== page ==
Sharing Experience Cloud Audiences – Part 2
In my last blog post, I showed an example of how you can create a segment in Adobe Analytics, push it to Adobe Target and then use Adobe Target to show personalized content on your website. It was a relatively basic example but showed how you could begin to leverage the power of the Adobe Experience Cloud audience sharing feature. In this post, I will build upon what was done in the last post and show some additional ways you can integrate Adobe Analytics and Adobe Target.
Sharing Converse Segment
In the last blog post, the scenario involved showing a cross-sell promo spot when visitors meet a specific segment criterion, which in that case was viewing two or more “Adam Greco” blog posts. We built a segment looking for those visitors and sent it to Adobe Target as a shared audience and then showed a cross-sell promo to the audience. But what if we wanted to show something different to the visitors that didn’t meet the targeting criteria? In that case, we could have default content or we could use a “converse” (opposite) segment to push something different to visitors who didn’t meet our segment criteria.
To illustrate this, let’s look at the segment we used to identify those who had viewed 2+ of my blog posts, but not viewed my services pages:
Now, if we want to show a different promotion to those who don’t meet this criterion, we can create a “converse” segment that is essentially the opposite of this segment as shown here:
To test that we have our segments setup correctly, we can build a table and make sure that the numbers look correct:
If you create your “converse” segments correctly, you should see the numbers in the right two columns add up to the first column, which they do in this case. Of course, you can create different segments and show different promos to each segment as needed, but in this simple example, I just want to show one promo to people who match the first segment shown above and another promo to those who don’t. Once both segments have been pushed to Adobe Target, the appropriate content can be pushed to the page using the “mbox” shown in my previous post.
In this case, I have decided to push a promo for my cool Adobe Analytics Expert Council (which you should probably apply for if you are reading this!). All those who aren’t targeted to learn about my consulting services will see this as the fallback option.
Track Promo Clicks and Impact
Another way to build upon this scenario is to track the use of internal promotions in Adobe Analytics. For example, when visitors click on one of the new promo spots being served by Adobe Target and shared audiences, you can set a click Success Event and also capture an internal tracking code in an eVar. The Success Event will tell you how many times visitors are engaging with the new targeted promo spots and the internal campaign eVar will tell you which ones were clicked and whether any other website conversion events took place after the internal promo was used.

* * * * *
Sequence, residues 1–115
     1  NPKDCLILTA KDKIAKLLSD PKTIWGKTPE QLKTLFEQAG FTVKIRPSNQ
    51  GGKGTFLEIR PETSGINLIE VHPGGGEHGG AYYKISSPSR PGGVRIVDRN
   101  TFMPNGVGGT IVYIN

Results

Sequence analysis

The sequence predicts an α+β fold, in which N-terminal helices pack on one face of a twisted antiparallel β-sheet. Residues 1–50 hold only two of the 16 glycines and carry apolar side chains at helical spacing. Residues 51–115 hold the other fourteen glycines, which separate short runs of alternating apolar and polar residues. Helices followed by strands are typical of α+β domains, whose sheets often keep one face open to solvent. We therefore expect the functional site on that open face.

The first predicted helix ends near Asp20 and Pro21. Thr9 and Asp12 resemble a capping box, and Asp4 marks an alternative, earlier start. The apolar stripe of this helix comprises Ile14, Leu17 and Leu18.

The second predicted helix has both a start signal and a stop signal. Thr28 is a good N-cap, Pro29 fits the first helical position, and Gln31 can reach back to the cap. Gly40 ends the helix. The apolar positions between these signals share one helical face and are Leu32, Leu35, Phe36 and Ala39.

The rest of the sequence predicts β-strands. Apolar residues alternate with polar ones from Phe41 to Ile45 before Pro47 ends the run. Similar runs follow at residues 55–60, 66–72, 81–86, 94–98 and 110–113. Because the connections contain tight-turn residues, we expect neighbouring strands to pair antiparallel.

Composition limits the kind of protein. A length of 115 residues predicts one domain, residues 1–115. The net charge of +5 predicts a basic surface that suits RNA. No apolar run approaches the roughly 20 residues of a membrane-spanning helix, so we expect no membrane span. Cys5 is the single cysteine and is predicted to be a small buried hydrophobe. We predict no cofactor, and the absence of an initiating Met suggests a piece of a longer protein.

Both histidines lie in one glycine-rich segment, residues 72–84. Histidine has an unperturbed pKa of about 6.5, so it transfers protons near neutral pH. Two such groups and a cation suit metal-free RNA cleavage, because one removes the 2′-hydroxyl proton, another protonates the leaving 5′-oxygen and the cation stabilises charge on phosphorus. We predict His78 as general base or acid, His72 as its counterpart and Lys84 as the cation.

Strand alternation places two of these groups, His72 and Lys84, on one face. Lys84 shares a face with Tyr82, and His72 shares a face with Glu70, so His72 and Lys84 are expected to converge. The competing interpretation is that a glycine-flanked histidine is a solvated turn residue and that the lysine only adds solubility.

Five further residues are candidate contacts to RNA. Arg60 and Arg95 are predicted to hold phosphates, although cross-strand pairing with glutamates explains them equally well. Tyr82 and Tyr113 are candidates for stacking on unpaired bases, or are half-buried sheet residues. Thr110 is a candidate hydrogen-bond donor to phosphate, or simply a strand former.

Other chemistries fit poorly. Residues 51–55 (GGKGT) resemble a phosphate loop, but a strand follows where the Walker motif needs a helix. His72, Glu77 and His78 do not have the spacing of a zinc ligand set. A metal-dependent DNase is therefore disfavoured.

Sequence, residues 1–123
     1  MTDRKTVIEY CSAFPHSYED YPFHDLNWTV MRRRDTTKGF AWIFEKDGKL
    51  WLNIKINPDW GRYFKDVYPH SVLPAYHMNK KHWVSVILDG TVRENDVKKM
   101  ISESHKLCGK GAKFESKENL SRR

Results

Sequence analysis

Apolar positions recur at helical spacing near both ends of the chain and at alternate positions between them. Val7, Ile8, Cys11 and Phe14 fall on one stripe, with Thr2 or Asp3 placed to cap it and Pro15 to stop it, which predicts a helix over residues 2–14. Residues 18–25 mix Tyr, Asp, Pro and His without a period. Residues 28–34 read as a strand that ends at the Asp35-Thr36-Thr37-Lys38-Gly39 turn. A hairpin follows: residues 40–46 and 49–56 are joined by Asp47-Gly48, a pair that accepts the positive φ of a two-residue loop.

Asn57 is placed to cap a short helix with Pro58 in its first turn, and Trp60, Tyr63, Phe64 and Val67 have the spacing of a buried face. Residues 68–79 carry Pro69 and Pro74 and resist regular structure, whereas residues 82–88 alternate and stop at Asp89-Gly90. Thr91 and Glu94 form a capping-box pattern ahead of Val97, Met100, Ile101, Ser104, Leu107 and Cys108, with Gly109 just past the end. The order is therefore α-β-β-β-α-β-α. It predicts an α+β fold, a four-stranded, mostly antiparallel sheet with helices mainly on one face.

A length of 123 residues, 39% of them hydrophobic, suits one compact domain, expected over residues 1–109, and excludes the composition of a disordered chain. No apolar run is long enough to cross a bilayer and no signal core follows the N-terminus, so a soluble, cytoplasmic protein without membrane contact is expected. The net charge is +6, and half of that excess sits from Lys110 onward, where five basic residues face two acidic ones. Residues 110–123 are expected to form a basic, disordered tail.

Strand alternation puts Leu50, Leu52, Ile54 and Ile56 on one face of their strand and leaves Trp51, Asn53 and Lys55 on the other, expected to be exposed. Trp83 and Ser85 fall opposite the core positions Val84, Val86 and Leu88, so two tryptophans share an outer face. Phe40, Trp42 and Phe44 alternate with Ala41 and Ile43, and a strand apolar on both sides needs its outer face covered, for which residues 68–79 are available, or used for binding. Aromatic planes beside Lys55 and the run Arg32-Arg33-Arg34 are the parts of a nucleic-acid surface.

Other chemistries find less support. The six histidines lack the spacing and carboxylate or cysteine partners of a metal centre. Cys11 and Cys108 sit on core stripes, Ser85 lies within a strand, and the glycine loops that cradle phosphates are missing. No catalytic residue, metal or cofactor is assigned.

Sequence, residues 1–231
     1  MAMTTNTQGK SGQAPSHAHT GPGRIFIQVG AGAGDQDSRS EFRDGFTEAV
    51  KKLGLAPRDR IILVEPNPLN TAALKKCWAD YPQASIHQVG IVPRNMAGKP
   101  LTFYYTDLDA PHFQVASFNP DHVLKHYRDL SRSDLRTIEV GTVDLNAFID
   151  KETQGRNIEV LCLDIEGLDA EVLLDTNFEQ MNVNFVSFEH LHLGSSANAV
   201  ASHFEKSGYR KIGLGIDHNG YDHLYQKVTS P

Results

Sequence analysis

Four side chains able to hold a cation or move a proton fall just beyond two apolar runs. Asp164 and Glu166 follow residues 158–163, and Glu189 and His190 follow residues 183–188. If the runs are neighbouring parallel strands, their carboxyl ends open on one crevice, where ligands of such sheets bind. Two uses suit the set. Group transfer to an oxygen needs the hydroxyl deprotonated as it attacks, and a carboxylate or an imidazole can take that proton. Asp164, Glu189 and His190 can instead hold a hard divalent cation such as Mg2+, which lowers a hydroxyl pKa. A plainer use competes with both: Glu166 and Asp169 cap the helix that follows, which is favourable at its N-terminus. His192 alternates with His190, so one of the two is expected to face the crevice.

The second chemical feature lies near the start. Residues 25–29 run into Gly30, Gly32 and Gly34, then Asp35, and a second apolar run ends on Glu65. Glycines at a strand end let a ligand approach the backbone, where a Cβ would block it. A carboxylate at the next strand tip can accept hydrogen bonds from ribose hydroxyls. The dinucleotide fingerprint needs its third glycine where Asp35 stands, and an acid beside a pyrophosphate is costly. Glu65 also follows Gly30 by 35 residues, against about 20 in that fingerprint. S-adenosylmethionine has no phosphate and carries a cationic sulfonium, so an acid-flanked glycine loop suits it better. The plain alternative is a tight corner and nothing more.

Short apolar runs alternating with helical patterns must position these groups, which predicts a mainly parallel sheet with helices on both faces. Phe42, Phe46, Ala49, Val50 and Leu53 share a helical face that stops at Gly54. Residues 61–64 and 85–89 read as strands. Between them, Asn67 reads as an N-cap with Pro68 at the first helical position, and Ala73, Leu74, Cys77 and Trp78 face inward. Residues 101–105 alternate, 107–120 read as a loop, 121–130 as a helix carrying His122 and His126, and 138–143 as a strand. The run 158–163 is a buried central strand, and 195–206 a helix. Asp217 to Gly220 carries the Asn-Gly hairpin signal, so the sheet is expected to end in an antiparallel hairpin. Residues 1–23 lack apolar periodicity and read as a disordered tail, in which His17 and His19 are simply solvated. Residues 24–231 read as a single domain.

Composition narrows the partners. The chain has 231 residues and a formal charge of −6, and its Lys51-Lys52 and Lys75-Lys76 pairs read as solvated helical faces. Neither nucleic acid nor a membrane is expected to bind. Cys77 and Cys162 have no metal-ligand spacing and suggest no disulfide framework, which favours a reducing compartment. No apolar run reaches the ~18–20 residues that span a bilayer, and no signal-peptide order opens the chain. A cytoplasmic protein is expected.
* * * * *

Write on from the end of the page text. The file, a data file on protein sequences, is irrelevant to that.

Here is an example of an internal campaign clicks Success Event:
Here is an example of those internal campaign clicks broken down by internal campaign in the eVar report:
This report allows you to see which of these new promos is getting the most clicks (to see impressions and click-through rates of each promo is more involved and described here). It is relatively easy to see how often each promo leads to website Success Events since their values persist in the eVar. For example, in the screenshot shown above, when visitors click on the AAEC promo, I am setting a Success Event on the click, an internal campaign code in an eVar and if the visitors clicks the “Apply” button on the post, I am setting another Success Event. Therefore, I can view how many clicks the AAEC promo gets and how many AAEC Applications I get as a result:
In this example, we can see that the AAEC promo got twenty-five clicks and that four of them resulted in people beginning the application process (and there was one case of someone applying for the AAEC without using the promo). If I wanted to get more advanced, I could have multiple versions of the AAEC promo, use Adobe Target to randomly show each and use different internal campaign codes to see which version had the best conversion rate.
As you can see, the combination of Adobe Analytics shared audiences, Adobe Analytics and Adobe Target can be very powerful. There are countless ways to leverage the synergies between the products and these are only a few of Adobe’s suite of products! I recommend that you start experimenting with ways you can combine the Adobe products to improve your website/app conversion.